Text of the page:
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article imageMan complains Adidas shipped package to a bar, not his house

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By Leigh Goessl     Jan 11, 2012 in Business
A man wrote in to the Consumerist blog to tell his story about a Christmas purchase he bought from Adidas that had gone missing.
The man said initially he waited for his package that he'd purchased on Dec. 19, figuring it was a last minute purchase, although he said he'd paid for express 2-3 days shipping.
He thought maybe the package got held up. However, when the parcel didn't arrive after Christmas, he decided to give both Adidas and UPS a call to verify his shipping and billing addresses.
After a purported series of phone calls, the man learns his purchase hadn't gone missing at all, it had been delivered, just not delivered to him.
The frustrated man is identified only as Christopher. According to the Consumerist, the man was able to ascertain the gift of shoes he'd gotten for his wife was shipped to a bar.
Not only was the package left at a bar, an employee at the bar signed for it.
Christopher writes to the Consumerist,
"So, after Christmas I was pretty mad and decided to call adidas and UPS to find out just what was going on, which led me to find out that some guy who works the front desk at a bar downtown has accepted my package and they had approval to ship the shoes there. I still have no idea how they managed to ship the shoes to a bar, how it was okay for a guy at a front desk there to sign for it, and most of all, how it never shipped to the house that I have been stuck in and unemployed in since november of last year, but somehow, I figured I could get my package back."
After numerous calls, Chris still doesn't have the shoes. He said he is familiar with the bar/restaurant, but hadn't been there in years.
Cloned?
Chris shares with the Consumerist an email he received from the customer service department at Adidas. The Consumerist reported the company informed Christopher that UPS notified Adidas the recipient had already picked up the shoes at the bar. This purchase was considered a completed delivery.
"As you can see, I was very happy to find out that I've been cloned and that my clone was nice enough to pick up my shoes for me, which I guess will be dropped off shortly," says Christopher.
In the meantime, Christopher cannot seemingly get a refund or a replacement pair of shoes. Adidas says they are investigating the issue and he should have a response within two weeks.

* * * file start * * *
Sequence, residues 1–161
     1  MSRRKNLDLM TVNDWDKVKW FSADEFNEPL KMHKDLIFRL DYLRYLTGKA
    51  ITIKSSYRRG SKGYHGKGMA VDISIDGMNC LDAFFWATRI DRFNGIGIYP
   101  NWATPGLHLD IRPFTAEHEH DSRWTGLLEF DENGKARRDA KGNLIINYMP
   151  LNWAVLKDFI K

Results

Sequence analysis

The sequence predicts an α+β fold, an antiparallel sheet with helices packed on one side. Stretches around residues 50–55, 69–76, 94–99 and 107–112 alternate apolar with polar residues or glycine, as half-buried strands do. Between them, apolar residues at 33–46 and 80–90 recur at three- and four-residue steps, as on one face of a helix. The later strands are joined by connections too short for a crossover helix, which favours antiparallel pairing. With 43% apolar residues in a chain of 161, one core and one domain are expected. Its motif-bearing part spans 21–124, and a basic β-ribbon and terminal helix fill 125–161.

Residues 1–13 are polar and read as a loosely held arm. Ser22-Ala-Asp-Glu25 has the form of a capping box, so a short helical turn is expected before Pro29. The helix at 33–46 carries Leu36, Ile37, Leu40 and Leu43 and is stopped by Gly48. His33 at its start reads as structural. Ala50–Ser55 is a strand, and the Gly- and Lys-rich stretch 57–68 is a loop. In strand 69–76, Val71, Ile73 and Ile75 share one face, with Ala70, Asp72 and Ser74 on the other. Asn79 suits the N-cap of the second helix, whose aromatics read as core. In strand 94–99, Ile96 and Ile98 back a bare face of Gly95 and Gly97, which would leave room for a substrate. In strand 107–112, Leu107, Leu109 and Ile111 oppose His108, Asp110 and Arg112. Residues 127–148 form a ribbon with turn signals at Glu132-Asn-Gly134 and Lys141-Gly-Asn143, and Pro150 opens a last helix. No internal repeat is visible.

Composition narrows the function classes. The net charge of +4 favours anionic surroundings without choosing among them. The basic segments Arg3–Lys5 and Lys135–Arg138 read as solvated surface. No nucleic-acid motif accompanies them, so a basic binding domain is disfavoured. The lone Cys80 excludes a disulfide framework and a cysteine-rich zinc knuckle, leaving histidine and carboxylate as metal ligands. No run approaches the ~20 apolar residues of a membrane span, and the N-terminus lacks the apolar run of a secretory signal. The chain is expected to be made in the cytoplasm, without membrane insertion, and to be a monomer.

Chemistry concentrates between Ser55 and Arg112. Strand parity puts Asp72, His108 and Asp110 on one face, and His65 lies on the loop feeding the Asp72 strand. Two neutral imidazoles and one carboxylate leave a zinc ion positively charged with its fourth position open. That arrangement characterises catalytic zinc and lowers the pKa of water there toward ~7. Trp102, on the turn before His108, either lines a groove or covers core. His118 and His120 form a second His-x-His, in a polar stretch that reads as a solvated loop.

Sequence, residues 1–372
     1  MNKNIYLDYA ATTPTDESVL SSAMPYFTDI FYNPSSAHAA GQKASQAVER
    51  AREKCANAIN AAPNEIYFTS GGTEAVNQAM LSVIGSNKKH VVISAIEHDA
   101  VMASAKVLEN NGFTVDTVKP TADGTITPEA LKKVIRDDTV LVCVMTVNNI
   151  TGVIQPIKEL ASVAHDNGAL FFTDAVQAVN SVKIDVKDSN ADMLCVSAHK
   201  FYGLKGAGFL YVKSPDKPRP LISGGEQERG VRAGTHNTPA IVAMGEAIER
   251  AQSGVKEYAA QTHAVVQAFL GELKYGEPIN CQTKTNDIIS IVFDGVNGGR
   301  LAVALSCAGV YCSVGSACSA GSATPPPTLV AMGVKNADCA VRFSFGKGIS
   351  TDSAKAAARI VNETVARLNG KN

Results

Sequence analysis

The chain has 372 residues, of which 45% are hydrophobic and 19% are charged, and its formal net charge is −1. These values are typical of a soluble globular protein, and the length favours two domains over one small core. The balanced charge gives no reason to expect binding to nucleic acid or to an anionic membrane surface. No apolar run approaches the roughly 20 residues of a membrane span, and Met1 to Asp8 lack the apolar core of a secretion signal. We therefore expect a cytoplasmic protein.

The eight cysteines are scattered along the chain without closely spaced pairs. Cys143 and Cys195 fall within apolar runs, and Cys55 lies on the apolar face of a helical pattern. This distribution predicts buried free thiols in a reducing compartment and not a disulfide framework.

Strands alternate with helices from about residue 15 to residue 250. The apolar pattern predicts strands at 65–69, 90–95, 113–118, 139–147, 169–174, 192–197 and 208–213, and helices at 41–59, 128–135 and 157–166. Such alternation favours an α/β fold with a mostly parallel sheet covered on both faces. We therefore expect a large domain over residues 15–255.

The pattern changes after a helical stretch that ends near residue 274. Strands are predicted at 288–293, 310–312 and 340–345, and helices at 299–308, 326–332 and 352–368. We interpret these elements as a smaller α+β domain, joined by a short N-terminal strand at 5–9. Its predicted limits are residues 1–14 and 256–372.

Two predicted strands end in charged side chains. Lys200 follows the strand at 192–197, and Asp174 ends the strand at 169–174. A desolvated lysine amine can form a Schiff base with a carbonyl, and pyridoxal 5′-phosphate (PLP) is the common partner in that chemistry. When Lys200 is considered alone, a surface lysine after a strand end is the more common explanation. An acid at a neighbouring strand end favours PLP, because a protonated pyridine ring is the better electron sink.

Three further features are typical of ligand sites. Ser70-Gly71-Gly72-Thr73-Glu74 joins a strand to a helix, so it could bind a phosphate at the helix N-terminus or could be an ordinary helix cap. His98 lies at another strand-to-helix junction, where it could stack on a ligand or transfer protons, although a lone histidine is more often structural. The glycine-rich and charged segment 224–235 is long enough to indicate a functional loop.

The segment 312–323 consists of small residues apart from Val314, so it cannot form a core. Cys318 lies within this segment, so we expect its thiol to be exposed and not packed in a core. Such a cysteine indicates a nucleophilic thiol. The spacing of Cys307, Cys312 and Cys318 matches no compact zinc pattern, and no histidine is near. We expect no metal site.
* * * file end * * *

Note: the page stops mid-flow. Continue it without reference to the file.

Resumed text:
No one knows who actually picked the shoes up, and no mention if the man, or anyone else, has spoken to the person on duty at the bar at the time of signing, or handing over of, the package to the unknown person who claimed ownership and walked off with the shoes.
Unanswered questions. Could a scammer have intervened?
There are lots of unanswered questions in Christopher's situation. Consumerist commenter 'StarKillerX' asked, "I'm curious is the address was changed, and how, or if they were just randomly delivered across town?"
Commenter posting as 'Mrs. w/1 child' suggests a scam occurred and describes when she was managing condos she saw scams where goods were intercepted by someone who gets access to the buyer account and changes the shipping address. She writes,
"The key to the scam is that are your goods are arriving at a bar, high rise, etc. where it is common to have a large drop off each day. The front desk guy counts the packages (let's say 27) and then signs for all 27 from the delivery guy. Later the doorman or package room attendant sorts the packages but it could be on a different shift (the hot stuff magically disappearing when the shifts change) or the stolen merch is sorted for a vacant unit or a unit where the people are only seasonal residents. Then the "resident" (another accomplice) comes and picks up the hot stuff. On camera it looks legit."
While all the details in this incident are not revealed, in general there are other ways consumers can work to resolve problems if the merchant does not effectively resolve the issue.
Possible solutions for undelivered goods
The Federal Trade Commission (FTC) suggests solutions
Federal Trade Commission building in Washington
Federal Trade Commission building in Washington
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for consumer situations where merchandise is not received.
The agency cites The Fair Credit Billing Act (FCBA) which lists several instances in commerce where a consumers can file a dispute and work with their credit card companies One of the reasons listed is, "charges for goods and services you didn't accept or weren't delivered as agreed."
It is recommended to try and resolve with the merchant first.
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